New anti-gang tactics go B.C.-wide

Provincial government orders standardized approach by police forces to fight organized crime

Chief Supt. Kevin Hackett of the Combined Forces Special Enforcement Unit

Emerging police tactics to disrupt gangs that have helped fight violent crime in the Lower Mainland will be applied province-wide.

Justice Minister Suzanne Anton said mandatory provincial standards are being developed that will require all police forces and partner agencies to work together under an anti-gang policing model that targets prolific high-risk offenders.

It’s been evolving for about three years but top Mounties say the goal is to ensure the same methods of intelligence sharing and anti-gang enforcement are used across the province, so a Lower Mainland gang meets the same resistance when it tries to stretch its tentacles out to northeastern B.C. or the Okanagan.

“My goal is to attack them where they are in the northeast part of the province, in the centre of the province and in the Lower Mainland simultaneously,” RCMP E Division Asst. Comm. Wayne Rideout explained.

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The predictive intelligence-driven model helps officers make arrests and seize weapons.

But he said the new model can also shape police strategy in dealing with specific criminals by helping officers determine which ones may be ready to exit gang life as well as those who are junior members now but destined to become leaders.

“We want to disrupt their current trajectory and we want to disrupt them years before they achieve power and influence,” Rideout said, describing it as a long-term “campaign approach” to tackling gangs.

Chief Supt. Kevin Hackett of the Combined Forces Special Enforcement Unit said the model proved its value earlier this year when Surrey, Delta and Abbotsford police worked together to counter street-level gangs that were on a public shooting spree in Surrey and Delta.

“These collaborative efforts resulted in over 5,000 people being checked, 700 people being arrested or detained, along with the seizure of 22 firearms and 134 vehicles,” Hackett said.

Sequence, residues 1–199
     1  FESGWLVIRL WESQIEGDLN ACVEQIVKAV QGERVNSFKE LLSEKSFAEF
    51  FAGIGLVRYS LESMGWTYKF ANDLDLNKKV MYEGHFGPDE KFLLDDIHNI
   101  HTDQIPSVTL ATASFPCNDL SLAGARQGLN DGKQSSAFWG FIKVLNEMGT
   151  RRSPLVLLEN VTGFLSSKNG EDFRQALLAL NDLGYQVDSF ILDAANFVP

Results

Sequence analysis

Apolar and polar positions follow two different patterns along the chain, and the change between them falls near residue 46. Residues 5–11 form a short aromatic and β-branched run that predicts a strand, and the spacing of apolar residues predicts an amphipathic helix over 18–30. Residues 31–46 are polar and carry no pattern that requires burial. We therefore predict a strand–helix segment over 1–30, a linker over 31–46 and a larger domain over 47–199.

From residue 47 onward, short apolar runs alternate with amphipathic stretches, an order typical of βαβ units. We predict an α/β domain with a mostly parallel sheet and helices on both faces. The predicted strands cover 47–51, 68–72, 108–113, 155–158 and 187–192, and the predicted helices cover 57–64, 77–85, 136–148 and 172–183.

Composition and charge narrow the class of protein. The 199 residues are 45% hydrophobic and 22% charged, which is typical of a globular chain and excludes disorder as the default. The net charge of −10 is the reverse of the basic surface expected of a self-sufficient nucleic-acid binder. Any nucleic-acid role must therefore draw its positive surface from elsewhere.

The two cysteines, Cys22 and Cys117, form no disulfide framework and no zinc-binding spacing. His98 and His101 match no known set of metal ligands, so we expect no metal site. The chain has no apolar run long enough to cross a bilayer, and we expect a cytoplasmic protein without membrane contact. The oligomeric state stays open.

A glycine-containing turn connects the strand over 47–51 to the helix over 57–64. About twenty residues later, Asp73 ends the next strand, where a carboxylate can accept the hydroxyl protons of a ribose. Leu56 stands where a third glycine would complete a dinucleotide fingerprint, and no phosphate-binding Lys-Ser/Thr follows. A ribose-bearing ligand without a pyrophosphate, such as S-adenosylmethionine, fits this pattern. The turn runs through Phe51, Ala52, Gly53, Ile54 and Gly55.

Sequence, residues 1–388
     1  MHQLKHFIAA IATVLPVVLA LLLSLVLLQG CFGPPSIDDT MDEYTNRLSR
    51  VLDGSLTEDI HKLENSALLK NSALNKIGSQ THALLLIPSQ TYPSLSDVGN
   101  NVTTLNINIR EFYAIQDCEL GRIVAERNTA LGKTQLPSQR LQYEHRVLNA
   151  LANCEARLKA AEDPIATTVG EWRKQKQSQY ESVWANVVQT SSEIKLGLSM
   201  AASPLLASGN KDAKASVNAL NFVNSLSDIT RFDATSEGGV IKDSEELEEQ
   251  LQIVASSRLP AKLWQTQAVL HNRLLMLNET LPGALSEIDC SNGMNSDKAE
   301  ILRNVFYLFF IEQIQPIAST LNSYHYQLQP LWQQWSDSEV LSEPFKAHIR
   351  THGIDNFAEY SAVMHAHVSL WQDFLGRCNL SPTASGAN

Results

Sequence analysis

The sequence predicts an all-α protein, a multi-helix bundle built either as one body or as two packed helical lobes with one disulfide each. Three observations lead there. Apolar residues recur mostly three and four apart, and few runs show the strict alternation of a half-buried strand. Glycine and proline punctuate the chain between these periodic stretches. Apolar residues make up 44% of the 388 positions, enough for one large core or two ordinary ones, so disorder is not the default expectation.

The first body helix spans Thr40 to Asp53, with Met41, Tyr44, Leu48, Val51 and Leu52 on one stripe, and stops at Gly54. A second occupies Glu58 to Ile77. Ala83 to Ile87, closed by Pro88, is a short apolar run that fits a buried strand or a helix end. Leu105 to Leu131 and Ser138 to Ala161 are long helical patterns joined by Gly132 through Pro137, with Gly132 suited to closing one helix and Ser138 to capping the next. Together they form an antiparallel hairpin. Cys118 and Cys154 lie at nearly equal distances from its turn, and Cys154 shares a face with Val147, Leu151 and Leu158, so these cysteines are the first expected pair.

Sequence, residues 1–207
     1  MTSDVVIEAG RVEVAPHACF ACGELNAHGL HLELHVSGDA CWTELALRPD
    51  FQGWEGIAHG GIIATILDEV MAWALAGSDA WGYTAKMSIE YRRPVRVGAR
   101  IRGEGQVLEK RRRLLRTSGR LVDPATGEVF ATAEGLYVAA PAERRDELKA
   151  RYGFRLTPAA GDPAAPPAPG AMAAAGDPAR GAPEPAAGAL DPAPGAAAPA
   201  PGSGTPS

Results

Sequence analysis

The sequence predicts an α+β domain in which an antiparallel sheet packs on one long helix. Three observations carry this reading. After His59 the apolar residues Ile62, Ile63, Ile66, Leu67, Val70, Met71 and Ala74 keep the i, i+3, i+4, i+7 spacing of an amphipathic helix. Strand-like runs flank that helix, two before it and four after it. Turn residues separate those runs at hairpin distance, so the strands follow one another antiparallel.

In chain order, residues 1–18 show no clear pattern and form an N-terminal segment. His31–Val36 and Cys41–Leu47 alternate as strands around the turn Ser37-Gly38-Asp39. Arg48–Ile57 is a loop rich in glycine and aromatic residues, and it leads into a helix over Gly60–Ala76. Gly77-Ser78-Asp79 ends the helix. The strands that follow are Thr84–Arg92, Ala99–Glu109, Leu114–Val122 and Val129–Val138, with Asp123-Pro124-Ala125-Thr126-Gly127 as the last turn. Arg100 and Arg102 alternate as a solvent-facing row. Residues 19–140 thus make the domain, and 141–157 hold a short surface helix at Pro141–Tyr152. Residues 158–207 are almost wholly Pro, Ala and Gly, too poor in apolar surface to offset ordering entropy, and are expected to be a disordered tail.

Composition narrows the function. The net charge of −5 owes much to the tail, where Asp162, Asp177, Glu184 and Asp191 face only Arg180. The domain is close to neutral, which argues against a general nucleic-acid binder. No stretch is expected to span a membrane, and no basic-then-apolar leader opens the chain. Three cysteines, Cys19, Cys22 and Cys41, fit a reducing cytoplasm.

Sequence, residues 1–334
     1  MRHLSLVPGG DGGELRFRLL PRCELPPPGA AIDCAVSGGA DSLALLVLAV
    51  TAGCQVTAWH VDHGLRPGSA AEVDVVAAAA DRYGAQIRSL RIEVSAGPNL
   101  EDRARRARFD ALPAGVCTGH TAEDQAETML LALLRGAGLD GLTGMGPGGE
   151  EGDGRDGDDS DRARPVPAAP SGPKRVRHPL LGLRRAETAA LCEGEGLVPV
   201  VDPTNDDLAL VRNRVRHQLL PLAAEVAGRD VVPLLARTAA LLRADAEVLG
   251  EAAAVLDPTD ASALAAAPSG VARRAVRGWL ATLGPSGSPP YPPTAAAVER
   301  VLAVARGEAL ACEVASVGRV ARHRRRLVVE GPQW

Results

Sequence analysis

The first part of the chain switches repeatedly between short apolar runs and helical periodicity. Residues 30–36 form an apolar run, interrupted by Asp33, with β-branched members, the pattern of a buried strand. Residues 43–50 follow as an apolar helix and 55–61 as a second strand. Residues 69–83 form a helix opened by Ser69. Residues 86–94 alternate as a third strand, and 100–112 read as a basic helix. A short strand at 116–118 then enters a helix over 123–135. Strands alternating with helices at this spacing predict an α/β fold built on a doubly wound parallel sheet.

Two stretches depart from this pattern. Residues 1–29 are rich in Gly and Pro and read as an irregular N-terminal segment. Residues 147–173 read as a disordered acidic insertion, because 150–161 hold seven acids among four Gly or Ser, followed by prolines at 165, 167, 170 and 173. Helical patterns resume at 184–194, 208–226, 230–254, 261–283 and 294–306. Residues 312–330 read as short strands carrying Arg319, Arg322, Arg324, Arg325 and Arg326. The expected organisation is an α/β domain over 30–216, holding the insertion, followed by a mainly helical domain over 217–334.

Charges were laid against several suspects, including one who police allege handed a loaded gun to a youth to hide for him.

Just one incident has been linked to those warring Surrey-Delta crime groups since mid-June, Hackett said, after more than 30 public shooting incidents in the spring.

NDP public safety critic Mike Farnworth questioned why an enforced standard from the province is necessary to get police agencies to fully cooperate.

“Most people would reasonably expect it would already be taking place,” he said.

Anton denied there is any lack of cooperation between police forces that has prompted the mandatory standard, insisting B.C. forces have better coordination than any other jurisdiction.

She said police so far have tended to use community-specific approaches that can vary.

“What we are doing now is taking the lessons learned from best practices developed with our provincial anti-gang unit, and sharing that learning and those standards with police around B.C. so that everyone has access to the same effective approaches.”

All police forces in B.C. are to adopt the new standards, as are other agencies such as sheriffs, corrections officers and the Canada Border Service Agency.

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